(A version of this text will be forthcoming in the LITERARY ENCYCLOPEDIA. at https://www.litencyc.com/)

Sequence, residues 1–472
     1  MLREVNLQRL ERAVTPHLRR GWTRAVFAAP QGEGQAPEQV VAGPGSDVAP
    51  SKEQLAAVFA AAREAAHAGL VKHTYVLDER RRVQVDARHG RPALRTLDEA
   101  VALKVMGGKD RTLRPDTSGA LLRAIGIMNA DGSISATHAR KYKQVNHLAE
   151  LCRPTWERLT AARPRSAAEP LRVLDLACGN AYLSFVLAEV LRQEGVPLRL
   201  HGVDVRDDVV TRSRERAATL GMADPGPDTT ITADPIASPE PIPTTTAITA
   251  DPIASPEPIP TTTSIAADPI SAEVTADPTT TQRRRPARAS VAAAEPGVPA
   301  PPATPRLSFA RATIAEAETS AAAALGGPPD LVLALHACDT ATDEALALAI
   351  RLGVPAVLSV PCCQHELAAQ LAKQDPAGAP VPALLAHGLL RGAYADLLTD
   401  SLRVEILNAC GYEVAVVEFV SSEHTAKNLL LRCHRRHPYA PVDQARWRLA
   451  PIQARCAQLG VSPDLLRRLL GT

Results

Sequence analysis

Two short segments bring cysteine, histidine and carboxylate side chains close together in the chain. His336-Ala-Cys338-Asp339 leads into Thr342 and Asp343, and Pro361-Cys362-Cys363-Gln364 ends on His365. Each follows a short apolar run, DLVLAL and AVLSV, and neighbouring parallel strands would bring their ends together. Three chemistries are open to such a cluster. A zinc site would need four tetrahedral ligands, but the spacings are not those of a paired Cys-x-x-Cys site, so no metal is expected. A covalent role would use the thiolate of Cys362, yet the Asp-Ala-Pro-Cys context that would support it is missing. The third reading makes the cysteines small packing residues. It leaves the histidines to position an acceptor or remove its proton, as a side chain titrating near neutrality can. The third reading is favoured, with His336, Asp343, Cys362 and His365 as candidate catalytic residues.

Milorad Pavić, the erudite Serbian writer, university professor, literary historian, and member of the Serbian Academy of Science and Arts (1991-2009), was born on 15 October 1929 in Belgrade. In his internet-based autobiographical sketch, Pavić himself declared that he was born on “the banks of one of the four rivers of Paradise, at 8:30 in the morning, under the sign of Libra (ascendant Scorpio), or, according to the Aztec horoscope, the Snake.” As fiction writer, he was virtually unknown until 1984 when Dictionary of the Khazars: A Lexicon Novel in 100,000 Words brought him an instant worldwide fame. Even before, he has always entertained the idea of being “a writer for two hundred years now” because, as he said, “long ago, in 1766, an ancestor Pavić published a collection of poems in Budim [Buda] and we have considered ourselves a family of writers ever since. ”Pavić received his degrees from the University of Belgrade and University of Zagreb, taught philosophy at the University of Novi Sad and at his former alma mater in Belgrade, he held classes at Sorbonne in Paris, at the University of Vienna and in Freiburg and Regensburg as well. While writing extensively, he also translated works by Pushkin, Byron, Shelley, Villon and Molière and was nominated for Nobel Prize in Literature many times. His works have been translated in more than 30 languages and are now published all over the world.